Once nominated, a panel within Microsoft reviews the application. I have no idea who is on this panel, nor where they are located (although I assume it is in Redmond). Community contributions from the previous 12 months and technical knowledge are considered. There are no official levels of activity required and it is presumably a subjective decision weighed against the relative merit of other candidates and existing MVPs. Intakes into the programme are quarterly (January, April, July and October).
Once successful, MVPs are reviewed on an annual basis and must be able to demonstrate community activity on par with that which got them into the programme in the first place. If an MVP stops contributing, they will not be renewed.
What Is Meant By ‘Community Contributions’?
Occasionally, Microsoft do release a document talking about the activities considered to be contributing to the understanding and appreciation of the product by the broader community. Typically, the kinds of things mentioned include:
- Participating in the online Microsoft forums
- Giving talks at user groups or conferences
- Organising events for the public such as user groups or public demonstrations
Of these, the forums are the easiest one for Microsoft to measure. You need a live ID to login, meaning it is easy to track how long you are in the forums, and the forums track who proposes answers and whether they are acknowledged as an appropriate answer to the question being asked. The most difficult of these for Microsoft to measure are public appearances. If you are running a user group in a remote foreign land, this is much harder to verify than your forum activity.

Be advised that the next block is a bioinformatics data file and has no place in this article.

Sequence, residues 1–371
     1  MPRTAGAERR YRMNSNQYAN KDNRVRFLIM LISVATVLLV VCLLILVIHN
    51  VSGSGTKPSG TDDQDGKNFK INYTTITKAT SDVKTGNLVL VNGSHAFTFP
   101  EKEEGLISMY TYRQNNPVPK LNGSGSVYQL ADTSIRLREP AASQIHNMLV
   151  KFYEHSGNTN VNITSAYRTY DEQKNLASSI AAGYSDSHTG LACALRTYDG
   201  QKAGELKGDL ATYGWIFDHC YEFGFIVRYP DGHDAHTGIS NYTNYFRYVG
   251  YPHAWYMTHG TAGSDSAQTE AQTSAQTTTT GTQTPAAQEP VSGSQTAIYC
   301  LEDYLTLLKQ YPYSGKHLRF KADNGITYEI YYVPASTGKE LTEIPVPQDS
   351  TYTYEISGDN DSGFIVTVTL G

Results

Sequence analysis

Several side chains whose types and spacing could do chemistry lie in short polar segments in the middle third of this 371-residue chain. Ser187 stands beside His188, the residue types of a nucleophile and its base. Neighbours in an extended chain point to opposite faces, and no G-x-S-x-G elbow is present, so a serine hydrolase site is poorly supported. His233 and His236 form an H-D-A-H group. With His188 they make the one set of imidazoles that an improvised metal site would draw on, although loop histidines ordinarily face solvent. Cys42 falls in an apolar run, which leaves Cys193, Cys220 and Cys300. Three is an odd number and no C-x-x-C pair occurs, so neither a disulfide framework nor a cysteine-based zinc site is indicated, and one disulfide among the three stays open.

What Are The Benefits Of The Program?
Certainly there is no money in it so if you are looking for some kind of monetary reward for getting on the forums and blogging excellent code, you will be sorely disappointed. In my opinion, the biggest benefit is an invitation to the MVP Summit held in Seattle each year around February-March. While it is up to the MVP to pay for flights, accommodation is subsidized and Microsoft keep all attendees fed and watered for the entire time. You get to meet the product team, you get to tell them what you really think and you also get to find out where the product is heading (under an NDA agreement, of course). You also get to go to the Microsoft Shop at the Redmond Campus and buy Microsoft goodies at staff rates.